This 22,000 word collection contains explicit and graphical depictions of hot man on man action (threesomes, voyeurism, jail cell gangbang, rimmings, blowjobs and bareback sex), and is intended for mature audiences only.




The last thing Aaron Johnson needs on this business trip is hitting another snag. When airport security insists on searching his luggage, he can’t help feeling just a little frustrated. Good thing that a hunky, sex-on-legs security officer is on hand to give Aaron a pre-flight pick-me-up…



HIS PRIVATE STAR 2 by Inara Stone

When Amanda Lee met Connor Wood, her favorite movie star, she could not have imagined that he would seduce her. Now, she’s living in his luxurious mansion on the Woodstar Ranch under his watchful eye. The man who never knew she existed now seems to think of nothing but her.

Connor requires much more from Amanda than a casual affair. Only complete possession of her mind and body will begin to satisfy his hunger for her. But will he spook her with his intrusive questions and intense sexual needs?

Connor and Amanda continue to engage in a power struggle fueled by undeniable desire and the urge for control. Together, they may find the raw truth they seek in each other … or destroy their ability to trust anyone again.

This is the second story in the Dominated by the Movie Star series.




Candace is a woman who always lived her life for those around her. Now a widow, but still in her prime, she seeks to explore aspects of herself that were buried, particularly her sexuality. While stopping over in Los Angeles on a trip, she arranges for a gentleman escort, a gigolo, in hopes of finding herself.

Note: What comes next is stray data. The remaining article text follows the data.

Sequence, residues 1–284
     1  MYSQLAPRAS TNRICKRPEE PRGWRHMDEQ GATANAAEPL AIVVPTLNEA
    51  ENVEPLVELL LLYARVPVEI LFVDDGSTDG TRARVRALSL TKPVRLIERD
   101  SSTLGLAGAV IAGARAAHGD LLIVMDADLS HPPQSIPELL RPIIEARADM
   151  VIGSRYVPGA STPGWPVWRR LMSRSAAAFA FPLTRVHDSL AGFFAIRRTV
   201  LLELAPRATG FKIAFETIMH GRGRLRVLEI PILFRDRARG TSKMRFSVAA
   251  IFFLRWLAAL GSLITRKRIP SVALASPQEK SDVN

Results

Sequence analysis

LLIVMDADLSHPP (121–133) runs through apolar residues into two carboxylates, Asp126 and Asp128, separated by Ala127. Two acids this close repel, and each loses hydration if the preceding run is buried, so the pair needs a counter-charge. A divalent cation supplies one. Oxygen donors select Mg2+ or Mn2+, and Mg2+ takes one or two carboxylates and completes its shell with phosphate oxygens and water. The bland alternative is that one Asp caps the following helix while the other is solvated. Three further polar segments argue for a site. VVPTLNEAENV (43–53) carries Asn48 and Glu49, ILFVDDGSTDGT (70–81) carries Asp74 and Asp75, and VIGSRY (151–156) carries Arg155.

Gavin is a man who makes his living figuring out how to please women. He is drawn to Candace, recognizing the carnal nature underlying her vulnerability. He takes her down a path that she never knew existed.

This story contains graphic depictions of masturbation, oral sex, sexual intercourse, anal sex and spanking. It is intended for mature audiences only (18+).


The Art and Importance of Procrastination

Up until this very point, as I am writing this post, I had *no* idea what I was going to write for this week’s blog post. I’d been just feeling very “meh” and very “bleh” all day. I barely wrote a handful of words, and there is that voice in the back of my mind going: why aren’t you writing, dammit?!

I’d actually felt worse after I reminded myself of the 25k words I’d written the week before. That was half a NaNo in 1 week! Double damn.

And then, I remembered the years before I began writing full time. In my past life, I was a grad student, working in a lab for longer hours than most people do and getting shitty pay.

What kept me sane? Procrastination.

As a student, I was the master of procrastination. It wasn’t that I don’t get things done, it was that after a while, I began to realize how important it is to know when to break–to know when to take a step back and just chill.

Procrastination is not laziness. Quite the contrary. Procrastination is about changes in your mind set. I see this in science a lot: you get stuck trying to solve a problem, and you’re hitting all the dead-ends and getting absolutely nowhere. A lot of times when that happen, you say “God, I must be the stupidest person on the planet, because I’m sure the other guy in the lab would’ve figured it out by now.” In your head, you think that if you just try two more things, maybe one of them will work this time, but your heart tells you “Stop.”

I used to listen to my head. I’d be in the lab until wee hours and still not getting it. And then I learned. I learned to listen to my heart and go for a walk, grab a coffee. Go home, cook dinner, and just let it all go. I learned to turn it off for a brief while and do something–anything–else and just stop worrying about the problem.

In short, I procrastinate. I’m doing something else “fun” rather than plugging away at something and getting absolutely nowhere.